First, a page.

The United Arab Emirates (UAE) government is considering using futuristic technologies including blockchain or distributed ledger technology (DLT) in more than half of its operations in the near future.
According to a recent PwC report, the massive potential of blockchain cannot be laid on with a trowel in its use in a variety of industries. From the time this technology was launched, different companies have been gradually adopting the technology, and now there is a steep positive trend showing the tech being adopted in a wide range of government bodies all over the world. The topical government adoption of the DLT is that of the UAE which is now taking advantage of the tool to develop over 30 colossal projects.
The UAE government disclosed this move to the public through a whitepaper titled “Establishing Blockchain Policy” published on October 6, 2019 by PricewaterhouseCoopers (PwC), the world’s second biggest professional services company headquartered in the United Kingdom with operations in more than 158 countries globally.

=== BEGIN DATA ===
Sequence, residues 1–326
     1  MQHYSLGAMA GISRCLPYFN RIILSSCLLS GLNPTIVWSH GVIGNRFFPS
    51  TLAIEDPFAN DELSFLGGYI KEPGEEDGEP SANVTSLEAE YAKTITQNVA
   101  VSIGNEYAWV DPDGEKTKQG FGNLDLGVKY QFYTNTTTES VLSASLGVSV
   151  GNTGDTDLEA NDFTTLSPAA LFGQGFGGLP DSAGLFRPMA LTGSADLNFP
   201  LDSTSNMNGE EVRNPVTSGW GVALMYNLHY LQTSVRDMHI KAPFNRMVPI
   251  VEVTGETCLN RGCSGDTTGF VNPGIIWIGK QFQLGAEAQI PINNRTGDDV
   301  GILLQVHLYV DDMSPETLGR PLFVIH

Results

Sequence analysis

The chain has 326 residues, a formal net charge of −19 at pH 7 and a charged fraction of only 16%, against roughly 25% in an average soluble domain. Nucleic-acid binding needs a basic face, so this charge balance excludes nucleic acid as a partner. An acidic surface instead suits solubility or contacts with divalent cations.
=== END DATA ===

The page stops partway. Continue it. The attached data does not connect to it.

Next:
The whitepaper pursued to scrutinize the likely applications of blockchain to specific terrestrials, like the United Kingdom, Malta, U.S., UAE, etc.
According to conducted research, the initiatives would be assumed under the support of Smart Dubai, a state-backed project that uses blockchain technology to revolutionize processes and obsolete-proof gassed-up and revved-up government. The initiative lately rolled out a Blockchain as a Service (BaaS) platform that will be accommodating various DLT applications.
Also, the PwC whitepaper applauded that all UAE government bodies should try to institute channels which would trigger the amalgamation and boom of both the private and public sectors, and other standing administration services with the DLT.
Furthermore, ADGM FSRA, the financial regulatory authority, drafted strong rules and regulations for digital currencies including Bitcoin, so as a more secure environment can be created for cryptocurrency-related businesses and transactions to flourish.
However, the Central Bank of the UAE (CBUAE) came out openly to fight cryptocurrencies and unveiled that a digital currency shouldn’t be considered as legal tender, hence not used in any financial transaction setting.